And finally, there are very strong economic reasons – and the OEB is, ultimately, an economic regulator – for having customers pay the full and transparent cost of delivering power to them. There’s no social equity reason that low-income or middle class households should be subsidizing hydro bills for cottage owners or other high-income households in rural areas.

The very very bad

The NDP wants to return the power sector to complete public control, even though public ownership of the power sector has been a raw deal for ratepayers.

The NDP would start by buying back the 30% of shares of Hydro One and use the utility’s future profits to pick up the tab. The NDP estimates the cost of this policy would be as much as $4.1 billion, but we estimate – based on the current share price of $23.63 – that figure could be as much as $4.63 billion. It appears the NDP has not considered the interest costs that the province will incur after borrowing more than $4 billion to buy back shares.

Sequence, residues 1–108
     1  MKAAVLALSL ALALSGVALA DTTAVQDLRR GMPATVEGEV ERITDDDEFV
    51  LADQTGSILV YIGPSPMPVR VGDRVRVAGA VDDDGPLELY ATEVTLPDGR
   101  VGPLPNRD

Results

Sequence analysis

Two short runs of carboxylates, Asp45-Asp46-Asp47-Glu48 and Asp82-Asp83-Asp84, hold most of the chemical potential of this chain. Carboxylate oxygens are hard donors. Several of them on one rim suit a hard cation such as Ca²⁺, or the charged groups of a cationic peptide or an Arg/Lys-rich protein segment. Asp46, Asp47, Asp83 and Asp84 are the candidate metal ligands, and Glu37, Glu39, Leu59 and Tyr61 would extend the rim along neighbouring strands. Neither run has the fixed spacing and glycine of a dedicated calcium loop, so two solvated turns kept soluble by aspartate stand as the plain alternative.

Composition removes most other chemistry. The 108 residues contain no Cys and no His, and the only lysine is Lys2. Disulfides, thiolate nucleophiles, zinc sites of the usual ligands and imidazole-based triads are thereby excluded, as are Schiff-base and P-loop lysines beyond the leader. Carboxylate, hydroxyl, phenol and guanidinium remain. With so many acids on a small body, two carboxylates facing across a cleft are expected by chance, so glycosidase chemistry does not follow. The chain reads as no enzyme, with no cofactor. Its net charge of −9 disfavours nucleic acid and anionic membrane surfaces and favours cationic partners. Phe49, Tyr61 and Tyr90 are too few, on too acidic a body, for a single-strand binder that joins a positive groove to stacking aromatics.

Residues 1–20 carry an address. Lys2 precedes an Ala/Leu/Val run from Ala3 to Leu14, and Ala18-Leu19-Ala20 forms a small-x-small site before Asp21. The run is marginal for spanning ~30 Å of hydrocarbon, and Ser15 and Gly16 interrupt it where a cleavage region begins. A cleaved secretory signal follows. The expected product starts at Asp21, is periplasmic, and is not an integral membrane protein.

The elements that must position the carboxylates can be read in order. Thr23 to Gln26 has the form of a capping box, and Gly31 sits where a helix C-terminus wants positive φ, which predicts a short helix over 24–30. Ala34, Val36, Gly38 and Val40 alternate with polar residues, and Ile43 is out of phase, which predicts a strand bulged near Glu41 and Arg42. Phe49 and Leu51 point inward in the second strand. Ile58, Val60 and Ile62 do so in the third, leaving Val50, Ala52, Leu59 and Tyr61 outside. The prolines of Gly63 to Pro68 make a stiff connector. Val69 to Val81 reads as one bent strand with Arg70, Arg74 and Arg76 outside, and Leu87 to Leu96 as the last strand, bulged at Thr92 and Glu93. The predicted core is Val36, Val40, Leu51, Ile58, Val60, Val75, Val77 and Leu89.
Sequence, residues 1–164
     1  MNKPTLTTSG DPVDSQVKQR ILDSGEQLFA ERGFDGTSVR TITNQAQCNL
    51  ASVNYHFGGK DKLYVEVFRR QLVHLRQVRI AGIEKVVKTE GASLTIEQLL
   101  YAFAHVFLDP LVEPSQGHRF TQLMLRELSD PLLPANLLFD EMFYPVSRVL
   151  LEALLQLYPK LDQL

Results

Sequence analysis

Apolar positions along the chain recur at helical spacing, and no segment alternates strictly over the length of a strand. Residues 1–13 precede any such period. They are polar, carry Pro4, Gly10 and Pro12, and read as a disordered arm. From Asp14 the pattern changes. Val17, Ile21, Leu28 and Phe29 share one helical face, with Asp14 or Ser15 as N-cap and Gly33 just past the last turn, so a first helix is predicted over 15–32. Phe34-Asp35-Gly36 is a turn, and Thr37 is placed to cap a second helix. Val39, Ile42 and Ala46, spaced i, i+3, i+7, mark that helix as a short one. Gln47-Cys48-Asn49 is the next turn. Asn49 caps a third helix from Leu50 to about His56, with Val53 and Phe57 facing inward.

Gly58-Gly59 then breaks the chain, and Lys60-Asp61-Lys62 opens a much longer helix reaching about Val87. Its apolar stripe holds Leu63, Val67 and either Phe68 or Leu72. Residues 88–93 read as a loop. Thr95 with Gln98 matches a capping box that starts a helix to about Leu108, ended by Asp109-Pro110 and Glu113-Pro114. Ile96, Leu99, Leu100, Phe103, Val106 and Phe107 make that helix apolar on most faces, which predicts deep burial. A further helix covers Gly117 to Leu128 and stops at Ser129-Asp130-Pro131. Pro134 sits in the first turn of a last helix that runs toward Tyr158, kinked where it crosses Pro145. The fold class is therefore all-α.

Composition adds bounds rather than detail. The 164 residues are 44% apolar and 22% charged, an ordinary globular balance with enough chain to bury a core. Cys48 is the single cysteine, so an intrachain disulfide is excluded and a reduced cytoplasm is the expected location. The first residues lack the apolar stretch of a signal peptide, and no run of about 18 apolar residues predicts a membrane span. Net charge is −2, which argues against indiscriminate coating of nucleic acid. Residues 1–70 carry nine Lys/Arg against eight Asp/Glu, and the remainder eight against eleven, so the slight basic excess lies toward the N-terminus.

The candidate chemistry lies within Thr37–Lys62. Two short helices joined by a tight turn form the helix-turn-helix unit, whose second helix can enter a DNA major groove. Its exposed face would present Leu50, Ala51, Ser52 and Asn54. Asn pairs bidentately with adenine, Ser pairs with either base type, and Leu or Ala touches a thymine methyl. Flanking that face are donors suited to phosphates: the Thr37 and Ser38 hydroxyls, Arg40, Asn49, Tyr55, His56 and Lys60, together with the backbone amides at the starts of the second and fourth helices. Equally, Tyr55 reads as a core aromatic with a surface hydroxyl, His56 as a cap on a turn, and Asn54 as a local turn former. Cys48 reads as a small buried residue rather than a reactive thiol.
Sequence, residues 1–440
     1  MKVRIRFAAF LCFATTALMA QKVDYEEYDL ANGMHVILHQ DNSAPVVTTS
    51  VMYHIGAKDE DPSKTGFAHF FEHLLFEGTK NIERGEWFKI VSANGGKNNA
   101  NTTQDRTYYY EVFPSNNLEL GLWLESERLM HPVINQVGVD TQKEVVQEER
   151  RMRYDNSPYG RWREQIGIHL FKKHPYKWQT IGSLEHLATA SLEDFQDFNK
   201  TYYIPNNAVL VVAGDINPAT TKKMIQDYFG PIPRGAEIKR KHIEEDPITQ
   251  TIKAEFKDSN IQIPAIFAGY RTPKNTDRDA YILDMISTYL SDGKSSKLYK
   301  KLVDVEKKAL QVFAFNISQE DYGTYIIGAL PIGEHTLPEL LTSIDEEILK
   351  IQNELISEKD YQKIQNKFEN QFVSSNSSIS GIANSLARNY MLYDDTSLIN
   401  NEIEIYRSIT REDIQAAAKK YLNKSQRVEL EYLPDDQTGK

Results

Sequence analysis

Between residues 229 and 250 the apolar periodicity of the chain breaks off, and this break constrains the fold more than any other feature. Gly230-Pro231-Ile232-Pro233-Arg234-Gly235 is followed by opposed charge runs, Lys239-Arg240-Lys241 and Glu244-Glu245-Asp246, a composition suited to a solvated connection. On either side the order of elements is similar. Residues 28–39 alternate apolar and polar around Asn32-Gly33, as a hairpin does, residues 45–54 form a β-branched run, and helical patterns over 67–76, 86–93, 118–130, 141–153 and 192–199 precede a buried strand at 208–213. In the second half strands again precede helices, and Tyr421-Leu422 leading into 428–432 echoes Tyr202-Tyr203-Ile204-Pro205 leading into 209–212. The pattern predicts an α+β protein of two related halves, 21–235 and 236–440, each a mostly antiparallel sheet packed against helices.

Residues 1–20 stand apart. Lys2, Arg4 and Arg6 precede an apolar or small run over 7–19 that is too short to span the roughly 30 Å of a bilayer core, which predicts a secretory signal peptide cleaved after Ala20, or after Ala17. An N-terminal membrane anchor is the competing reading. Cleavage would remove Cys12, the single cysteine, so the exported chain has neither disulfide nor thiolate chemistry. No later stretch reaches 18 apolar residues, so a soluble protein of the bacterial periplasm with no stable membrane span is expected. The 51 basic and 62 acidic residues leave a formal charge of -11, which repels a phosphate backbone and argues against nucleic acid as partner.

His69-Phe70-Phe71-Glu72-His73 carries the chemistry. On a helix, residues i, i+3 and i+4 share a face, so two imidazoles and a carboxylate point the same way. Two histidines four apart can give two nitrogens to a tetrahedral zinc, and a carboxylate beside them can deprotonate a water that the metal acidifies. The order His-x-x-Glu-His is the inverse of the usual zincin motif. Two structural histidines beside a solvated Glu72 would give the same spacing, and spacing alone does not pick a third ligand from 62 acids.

A publicly owned Hydro One was hardly a good deal for ratepayers. Because the province was its sole shareholder, it often had to pursue costly projects for political reasons, rather than economic ones. The hundreds of millions of dollars spent in recent years to connect renewable generators rather than upgrading its aging assets is the most notable example of this. Those costs were eventually passed on to ratepayers, as the future costs of deferring the necessary costs of upgrading the transmission grid will be.

Hydro One was also a poor performer under sole public ownership.

It was one of the worst performing distributors in North America and blamed its size and terrain as a reason why it couldn’t do much better. Many of its work programs, such as vegetation management, cost more than comparable programs at other utilities in North America. Even among utilities in Ontario, its performance is so poor that it was considered – and still is – an outlier in benchmarking studies.